ESO’s VLT Captures Unlikely Pair In Large Magellanic Cloud
August 7, 2013

ESO’s VLT Captures Unlikely Pair In Large Magellanic Cloud

[ Watch the Video: ESO Captures Pair of Mysterious Glowing Gas Clouds ]

Brett Smith for – Your Universe Online

A newly released image from the European Southern Observatory's Very Large Telescope (VLT) has exposed new details about the Large Magellanic Cloud (LMC), a galactic neighbor of the Milky Way.

The LMC was discovered by its namesake, Ferdinand Magellan, when the explorer's famous trip to circumnavigate the globe took him through the southern hemisphere in 1519. While Magellan’s death in the Philippines cut his trip short, the Portuguese explorer's crew reported the existence of the cloud-like oddity found in the sky near the southern constellation Dorado.

Today, we know that the LMC is an irregularly shaped galaxy that could be a satellite of our own galaxy, the Milky Way, and contains several active star-forming regions, such as the Tarantula Nebula. The new image from the VLT focused exclusively on one such stellar nursery and a nearby newborn star.

The striking image shows the star-forming region, NGC 2014, glowing red while the nearby, ultra hot star called NGC 2020 is ensconced in a bluish cloud. The reddish glow of NGC 2014 is caused by its surrounding cloud of hydrogen gas. Hot, young stars within the region strip electrons away from the mass of hydrogen, ionizing it and making it glow red. The blue glow of NGC 2020 is caused by a similar process -- the ionizing of oxygen instead of hydrogen.

In addition to stripping electrons away from oxygen atoms, strong radiation surrounding NGC 2020 is also creating powerful stellar winds that force the gas around them to spread out and stream away. The result is a bubble-like configuration around the young star.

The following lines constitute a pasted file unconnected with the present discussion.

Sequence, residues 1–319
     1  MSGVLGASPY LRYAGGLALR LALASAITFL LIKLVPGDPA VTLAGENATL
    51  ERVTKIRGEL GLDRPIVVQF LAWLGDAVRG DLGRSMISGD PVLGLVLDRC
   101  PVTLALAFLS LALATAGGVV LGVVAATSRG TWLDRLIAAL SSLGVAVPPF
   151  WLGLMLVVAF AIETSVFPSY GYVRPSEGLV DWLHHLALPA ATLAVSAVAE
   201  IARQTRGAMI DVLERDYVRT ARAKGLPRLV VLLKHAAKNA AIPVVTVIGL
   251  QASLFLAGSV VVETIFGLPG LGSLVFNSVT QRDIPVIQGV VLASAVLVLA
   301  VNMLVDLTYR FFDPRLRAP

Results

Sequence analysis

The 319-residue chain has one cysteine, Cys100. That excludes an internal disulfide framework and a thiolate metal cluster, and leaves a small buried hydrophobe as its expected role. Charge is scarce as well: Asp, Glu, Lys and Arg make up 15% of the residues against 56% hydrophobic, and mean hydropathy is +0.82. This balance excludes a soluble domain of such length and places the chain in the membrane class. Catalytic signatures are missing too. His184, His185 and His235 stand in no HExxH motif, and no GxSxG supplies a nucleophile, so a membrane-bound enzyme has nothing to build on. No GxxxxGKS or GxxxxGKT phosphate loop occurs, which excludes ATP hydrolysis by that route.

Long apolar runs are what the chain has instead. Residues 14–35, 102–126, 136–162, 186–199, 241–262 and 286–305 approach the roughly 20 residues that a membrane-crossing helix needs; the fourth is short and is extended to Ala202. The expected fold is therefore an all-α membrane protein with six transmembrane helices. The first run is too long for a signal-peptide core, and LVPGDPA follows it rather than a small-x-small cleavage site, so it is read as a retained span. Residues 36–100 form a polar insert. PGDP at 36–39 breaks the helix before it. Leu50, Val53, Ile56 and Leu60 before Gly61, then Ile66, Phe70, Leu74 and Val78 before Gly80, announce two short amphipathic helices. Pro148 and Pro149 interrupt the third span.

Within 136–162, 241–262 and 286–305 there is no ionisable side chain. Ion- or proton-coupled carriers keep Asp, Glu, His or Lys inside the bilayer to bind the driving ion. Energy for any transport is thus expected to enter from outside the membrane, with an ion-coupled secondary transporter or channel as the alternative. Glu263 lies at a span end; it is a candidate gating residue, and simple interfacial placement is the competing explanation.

Sitting 163,000 light years from Earth, the LMC is relatively close and an attractive target for astronomers. The proximity allows scientists to study the odd-shaped galaxy in greater detail than other, more distant galaxies. The LMC is also a relatively small galaxy, estimated to be one-tenth the mass of the Milky Way. It is referred to as an irregular dwarf galaxy, its shape most likely caused by interactions with the Milky Way and another nearby galaxy -- the Small Magellanic Cloud.

[ Watch the Video: Panoramic Video Captured By ESO’s Very Large Telescope ]

Scientists have said that the LMC has one of the best vantage points of our own galaxy. The Milky Way would appear twice as bright as the LMC does in our own sky and it would cover 36 percent of the total sky, which is equivalent to about 70 full moons. The LMC's perspective on the Milky Way would also be free from interstellar dust, making it a better vantage point than our own for studying the much larger galaxy. The Small Magellanic Cloud would appear approximately 0.6 times brighter from the LMC.

The LMC is also cited by the ESO as one of the main reasons for the initial construction of telescopes in the southern hemisphere and the subsequent creation of their organization. The VLT is considered to be the European agency's "flagship" facility with an array of telescopes capable of seeing 25 times finer details than with individual telescopes.

"The VLT has made an undisputed impact on observational astronomy," a statement on the ESO’s website said. "It is the most productive individual ground-based facility, and results from the VLT have led to the publication of an average of more than one peer-reviewed scientific paper per day."